Warts are non-cancerous skin growths caused by the papillomavirus. Warts are more common in children than adults, although they can develop at any age.
Warts are contagious, and can spread to other parts of the body or to other people. There are many different types of warts, due to the fact that there are more than 60 types of the papillomavirus. Warts are typically not painful, except when located on the feet, and most warts go away without treatment over an extended period of time.
The more common types of warts include the following:
The specific treatment for warts will be determined by a physician based on:
Warts in children often disappear without treatment. Treatment of warts depends on several factors, including:
Treatment for more stubborn or recurring warts may include:
The Division of Dermatology at Children's National Health System continues to expand services as more families seek our expertise in the diagnosis and treatment of disorders of the skin, hair, and nails.
Invest in future cures for some of life's most devastating diseases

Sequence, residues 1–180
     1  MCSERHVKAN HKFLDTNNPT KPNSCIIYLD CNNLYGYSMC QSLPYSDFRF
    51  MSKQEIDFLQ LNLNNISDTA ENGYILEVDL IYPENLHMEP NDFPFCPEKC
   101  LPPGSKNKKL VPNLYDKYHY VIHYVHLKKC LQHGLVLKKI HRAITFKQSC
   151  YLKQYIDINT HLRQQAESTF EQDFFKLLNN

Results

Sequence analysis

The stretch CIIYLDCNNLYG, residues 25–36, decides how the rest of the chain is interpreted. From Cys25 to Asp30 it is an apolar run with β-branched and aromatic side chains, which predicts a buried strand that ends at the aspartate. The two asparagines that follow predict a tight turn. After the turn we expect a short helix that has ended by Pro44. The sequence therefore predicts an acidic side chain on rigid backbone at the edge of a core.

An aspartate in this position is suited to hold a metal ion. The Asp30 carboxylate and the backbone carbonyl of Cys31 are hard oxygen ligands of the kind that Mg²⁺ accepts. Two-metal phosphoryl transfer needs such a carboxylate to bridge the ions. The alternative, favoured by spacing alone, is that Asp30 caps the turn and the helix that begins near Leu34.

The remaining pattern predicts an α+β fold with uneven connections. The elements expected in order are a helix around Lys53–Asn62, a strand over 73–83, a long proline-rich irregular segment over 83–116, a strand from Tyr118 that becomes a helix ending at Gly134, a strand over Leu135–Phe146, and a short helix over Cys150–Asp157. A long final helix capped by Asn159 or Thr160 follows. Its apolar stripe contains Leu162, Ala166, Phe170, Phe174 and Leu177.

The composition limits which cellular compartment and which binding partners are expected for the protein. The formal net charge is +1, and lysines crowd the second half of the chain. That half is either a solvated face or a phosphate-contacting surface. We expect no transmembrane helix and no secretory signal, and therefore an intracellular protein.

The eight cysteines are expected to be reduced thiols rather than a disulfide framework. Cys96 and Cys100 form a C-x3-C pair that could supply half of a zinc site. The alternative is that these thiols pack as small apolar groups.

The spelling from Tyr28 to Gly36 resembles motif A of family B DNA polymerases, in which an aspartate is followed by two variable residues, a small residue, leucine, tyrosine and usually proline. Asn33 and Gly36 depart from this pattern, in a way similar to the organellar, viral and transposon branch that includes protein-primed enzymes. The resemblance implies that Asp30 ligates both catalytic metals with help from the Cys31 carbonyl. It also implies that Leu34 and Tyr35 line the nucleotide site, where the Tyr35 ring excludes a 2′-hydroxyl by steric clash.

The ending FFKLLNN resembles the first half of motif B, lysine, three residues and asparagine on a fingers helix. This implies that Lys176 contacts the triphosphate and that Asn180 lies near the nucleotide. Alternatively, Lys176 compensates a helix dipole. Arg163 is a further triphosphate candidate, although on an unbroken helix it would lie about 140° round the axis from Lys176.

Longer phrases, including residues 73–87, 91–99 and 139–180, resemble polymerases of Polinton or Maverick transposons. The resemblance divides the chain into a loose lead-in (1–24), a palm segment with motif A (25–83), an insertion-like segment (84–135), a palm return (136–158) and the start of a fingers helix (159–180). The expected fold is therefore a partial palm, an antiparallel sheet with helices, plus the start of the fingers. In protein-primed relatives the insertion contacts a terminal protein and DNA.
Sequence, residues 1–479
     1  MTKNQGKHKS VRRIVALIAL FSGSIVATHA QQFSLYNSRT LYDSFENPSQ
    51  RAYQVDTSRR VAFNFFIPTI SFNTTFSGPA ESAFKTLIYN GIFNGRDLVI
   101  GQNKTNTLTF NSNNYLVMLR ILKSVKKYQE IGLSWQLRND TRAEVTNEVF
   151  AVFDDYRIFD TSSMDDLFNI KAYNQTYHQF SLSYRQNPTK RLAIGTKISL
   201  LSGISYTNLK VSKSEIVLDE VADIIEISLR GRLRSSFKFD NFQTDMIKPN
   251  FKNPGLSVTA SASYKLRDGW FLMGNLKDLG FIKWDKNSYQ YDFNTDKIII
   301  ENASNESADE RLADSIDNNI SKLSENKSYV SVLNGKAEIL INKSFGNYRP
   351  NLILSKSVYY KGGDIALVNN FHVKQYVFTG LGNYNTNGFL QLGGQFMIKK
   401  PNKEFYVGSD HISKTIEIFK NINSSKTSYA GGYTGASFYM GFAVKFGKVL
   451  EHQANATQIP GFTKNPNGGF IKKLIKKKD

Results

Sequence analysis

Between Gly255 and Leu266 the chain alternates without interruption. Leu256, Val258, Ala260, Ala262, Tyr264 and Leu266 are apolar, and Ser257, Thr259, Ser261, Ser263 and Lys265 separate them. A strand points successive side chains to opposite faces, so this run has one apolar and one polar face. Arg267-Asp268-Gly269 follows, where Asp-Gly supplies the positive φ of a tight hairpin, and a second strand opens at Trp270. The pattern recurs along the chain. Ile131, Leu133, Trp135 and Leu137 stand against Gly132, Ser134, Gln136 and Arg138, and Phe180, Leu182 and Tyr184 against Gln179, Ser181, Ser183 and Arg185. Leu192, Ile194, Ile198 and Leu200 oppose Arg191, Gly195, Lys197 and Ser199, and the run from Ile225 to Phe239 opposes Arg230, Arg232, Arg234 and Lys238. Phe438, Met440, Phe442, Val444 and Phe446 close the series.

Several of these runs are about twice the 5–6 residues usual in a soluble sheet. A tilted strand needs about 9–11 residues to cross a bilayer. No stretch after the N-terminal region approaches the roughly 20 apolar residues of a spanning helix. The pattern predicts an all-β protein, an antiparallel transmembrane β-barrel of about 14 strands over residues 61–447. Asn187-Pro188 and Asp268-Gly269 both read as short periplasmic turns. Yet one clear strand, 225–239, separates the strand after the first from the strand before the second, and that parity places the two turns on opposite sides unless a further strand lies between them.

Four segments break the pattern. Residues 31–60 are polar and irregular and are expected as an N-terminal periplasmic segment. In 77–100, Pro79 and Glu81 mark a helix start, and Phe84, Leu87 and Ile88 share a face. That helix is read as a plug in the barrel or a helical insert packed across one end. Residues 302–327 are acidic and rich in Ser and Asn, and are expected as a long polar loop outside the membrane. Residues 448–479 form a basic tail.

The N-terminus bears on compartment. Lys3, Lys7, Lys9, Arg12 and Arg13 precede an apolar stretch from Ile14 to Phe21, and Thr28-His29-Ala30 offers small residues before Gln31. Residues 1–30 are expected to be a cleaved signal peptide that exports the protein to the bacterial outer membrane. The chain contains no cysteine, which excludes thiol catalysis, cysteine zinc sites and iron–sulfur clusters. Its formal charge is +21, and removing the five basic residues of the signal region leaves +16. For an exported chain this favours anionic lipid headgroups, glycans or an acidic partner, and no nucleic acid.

Keep in touch with Children's National by signing up for our newsletters.
Children's National Health System's Scott Norton, MD, MPH, shares his insight on how to get rid of warts.
The chief of dermatology at Children’s National Health System and two medical students working with him identified improper sales of antibiotics without prescriptions in neighborhood grocery stores in the Washington, DC, area.
Children’s National Health System is one of only 16 sites in the United States with a clinic devoted to the treatment of tuberous sclerosis. We treat our children who are diagnosed with TSC, and continue to provide consultation with primary care physicians and some outpatient services for our patients into adulthood.
The Vascular Anomalies Clinic brings all of the necessary pediatric specialists together -- in one place -- for individual evaluation and treatment of children with vascular anomalies.